Gold, Oil and China
It’s been a lively year for both gold and oil investors but the year to remember may be the one ahead.
Goldman Sachs is forecasting a 27 percent jump in energy and a 17 percent rise in precious metals over the next 12 months. On the oil side, Goldman credits a rebound in industrial production for a 520,000-barrel-per-day increase in China’s implied oil demand in August (year over year). As you can see from the left-side chart, Chinese oil demand has remained a fairly consistent story going back several years.
Globally, world oil demand was up 2.4 million barrels per day on a year-over-year basis in August, according to Goldman Sachs (see right-side chart). Rising demand from emerging nations has created a 600,000-barrel-per-day global supply deficit since May. This month saw a reversal in the U.S., with weeks of growing inventory surpluses swinging to draw-downs after Labor Day.
The long-term prospects for oil haven’t changed. Estimates from Wood Mackenzie and Deutsche Bank show that global oil production will decline 12 percent by 2015 without new investment. Production rates in Britain, Australia, U.S. offshore and Norway have declined 15 percent or more since 2000. Finding future reserves is increasingly difficult and costly, so prices will have to be higher to make developing these reserves worthwhile.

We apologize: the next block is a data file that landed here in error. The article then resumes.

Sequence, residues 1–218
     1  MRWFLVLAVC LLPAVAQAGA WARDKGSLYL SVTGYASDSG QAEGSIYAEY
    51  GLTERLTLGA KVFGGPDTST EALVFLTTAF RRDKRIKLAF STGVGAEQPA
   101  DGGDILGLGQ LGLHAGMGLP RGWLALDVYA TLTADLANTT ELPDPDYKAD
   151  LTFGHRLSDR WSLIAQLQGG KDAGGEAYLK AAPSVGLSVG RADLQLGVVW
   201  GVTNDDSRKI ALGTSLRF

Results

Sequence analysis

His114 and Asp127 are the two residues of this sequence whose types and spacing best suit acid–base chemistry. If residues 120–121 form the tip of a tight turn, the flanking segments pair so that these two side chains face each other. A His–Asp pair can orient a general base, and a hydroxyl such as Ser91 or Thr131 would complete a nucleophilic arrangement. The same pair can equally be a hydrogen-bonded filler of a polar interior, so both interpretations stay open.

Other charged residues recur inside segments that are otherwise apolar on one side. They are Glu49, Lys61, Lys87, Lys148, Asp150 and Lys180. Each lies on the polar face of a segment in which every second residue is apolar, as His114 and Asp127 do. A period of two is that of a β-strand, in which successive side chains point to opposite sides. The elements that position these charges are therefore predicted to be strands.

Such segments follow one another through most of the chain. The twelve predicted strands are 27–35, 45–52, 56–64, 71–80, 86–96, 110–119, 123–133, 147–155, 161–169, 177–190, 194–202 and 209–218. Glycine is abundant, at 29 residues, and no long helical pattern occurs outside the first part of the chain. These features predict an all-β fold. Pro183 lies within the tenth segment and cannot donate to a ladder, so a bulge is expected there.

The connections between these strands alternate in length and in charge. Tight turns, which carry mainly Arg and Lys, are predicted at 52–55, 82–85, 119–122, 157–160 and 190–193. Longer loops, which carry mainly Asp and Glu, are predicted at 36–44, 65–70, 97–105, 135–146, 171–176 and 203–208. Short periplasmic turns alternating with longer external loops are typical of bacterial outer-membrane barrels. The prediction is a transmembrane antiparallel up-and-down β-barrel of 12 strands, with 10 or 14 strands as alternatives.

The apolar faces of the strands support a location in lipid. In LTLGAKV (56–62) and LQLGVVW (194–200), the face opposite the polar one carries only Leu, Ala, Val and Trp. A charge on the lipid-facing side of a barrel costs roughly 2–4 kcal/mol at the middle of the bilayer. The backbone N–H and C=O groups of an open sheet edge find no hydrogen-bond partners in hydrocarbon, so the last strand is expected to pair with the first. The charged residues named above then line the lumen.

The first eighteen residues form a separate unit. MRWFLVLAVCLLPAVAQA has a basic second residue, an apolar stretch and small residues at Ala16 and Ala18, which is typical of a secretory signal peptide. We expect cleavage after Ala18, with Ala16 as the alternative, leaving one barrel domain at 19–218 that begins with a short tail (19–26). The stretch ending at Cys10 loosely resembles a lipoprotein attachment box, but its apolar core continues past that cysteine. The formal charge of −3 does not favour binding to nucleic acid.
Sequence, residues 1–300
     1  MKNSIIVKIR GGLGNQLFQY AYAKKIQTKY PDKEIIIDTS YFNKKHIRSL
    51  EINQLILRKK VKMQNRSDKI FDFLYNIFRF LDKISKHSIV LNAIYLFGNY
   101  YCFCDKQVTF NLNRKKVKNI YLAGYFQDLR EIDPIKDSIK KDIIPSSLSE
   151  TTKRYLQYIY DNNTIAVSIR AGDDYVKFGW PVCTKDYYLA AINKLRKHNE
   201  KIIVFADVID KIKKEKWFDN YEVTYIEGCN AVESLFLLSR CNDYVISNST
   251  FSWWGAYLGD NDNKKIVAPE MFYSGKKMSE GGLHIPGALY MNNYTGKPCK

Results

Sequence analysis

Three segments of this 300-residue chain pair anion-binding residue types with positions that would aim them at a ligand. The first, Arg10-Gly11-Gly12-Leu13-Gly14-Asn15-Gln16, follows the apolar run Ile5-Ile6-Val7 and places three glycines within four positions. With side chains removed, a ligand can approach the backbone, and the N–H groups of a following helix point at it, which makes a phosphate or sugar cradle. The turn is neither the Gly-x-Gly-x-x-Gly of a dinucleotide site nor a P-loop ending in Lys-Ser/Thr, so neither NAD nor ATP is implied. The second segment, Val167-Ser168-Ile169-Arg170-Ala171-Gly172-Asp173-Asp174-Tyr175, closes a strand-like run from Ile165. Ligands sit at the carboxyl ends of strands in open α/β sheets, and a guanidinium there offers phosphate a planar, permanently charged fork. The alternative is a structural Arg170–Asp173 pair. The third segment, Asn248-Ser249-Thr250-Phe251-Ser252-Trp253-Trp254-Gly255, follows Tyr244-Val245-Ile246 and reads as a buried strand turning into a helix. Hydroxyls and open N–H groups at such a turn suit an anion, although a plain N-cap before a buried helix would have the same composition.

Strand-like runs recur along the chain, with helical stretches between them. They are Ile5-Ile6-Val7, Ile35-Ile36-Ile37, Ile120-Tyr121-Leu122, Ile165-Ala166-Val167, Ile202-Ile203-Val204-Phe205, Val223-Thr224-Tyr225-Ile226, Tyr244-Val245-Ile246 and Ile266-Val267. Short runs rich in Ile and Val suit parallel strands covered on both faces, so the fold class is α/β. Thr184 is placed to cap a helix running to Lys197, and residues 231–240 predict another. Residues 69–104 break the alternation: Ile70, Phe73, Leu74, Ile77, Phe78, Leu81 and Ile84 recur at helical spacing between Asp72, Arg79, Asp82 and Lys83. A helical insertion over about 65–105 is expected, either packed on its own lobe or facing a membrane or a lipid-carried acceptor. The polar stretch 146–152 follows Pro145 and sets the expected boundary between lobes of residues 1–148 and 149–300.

New all-time high prices for gold this week leave many to wonder if we’re nearing a top, but we think gold’s bull run may have further to go. Since mid-August, prices have risen on the back of a significant increase in net long positions on the COMEX and investor interest is near highs for the year. In addition, central bankers have also been stocking up on gold – for the first time since 1988, they will be net buyers of bullion in 2010.
This could also be just the beginning. BCA Research says gold is in a bull market and will “remain that way until macro and/or industry-specific trends change significantly.” BCA cites low real interest rates and high policy uncertainty as the twin engines powering gold higher.
Washington has yet to show how it will reduce the gaping federal deficit, and the Federal Reserve is expected to keep interest rates near zero well into 2011. When you throw in a possible return to quantitative easing, the prospects for higher gold prices look even stronger.
The sturdiest pillar supporting both gold and oil should continue to be China. Even though China was recently crowned the world’s largest energy consumer, the country’s energy demands are still small on a per-capita basis. And for gold, Chinese demand—government, investor and jewelry consumers—remains strong despite high prices. The World Gold Council predicts gold consumption there could double in the coming decade.
Fears of a bubble bursting in the Chinese economy have been deflated as the country prepares itself for a soft landing. Analysts at CLSA says China will remain “the world’s best consumption story” due to income growth, moderate inflation and low household debt. They expect GDP growth to be just under 10 percent this year, and 8 percent to 9 percent in 2011.
There will likely be short-term volatility in commodities, but we believe the enduring strength of the global growth story being led by China and other key emerging markets should be a powerful demand driver in the years ahead.
P.S. To read more of my insights visit the gold section of my investment blog, Frank Talk.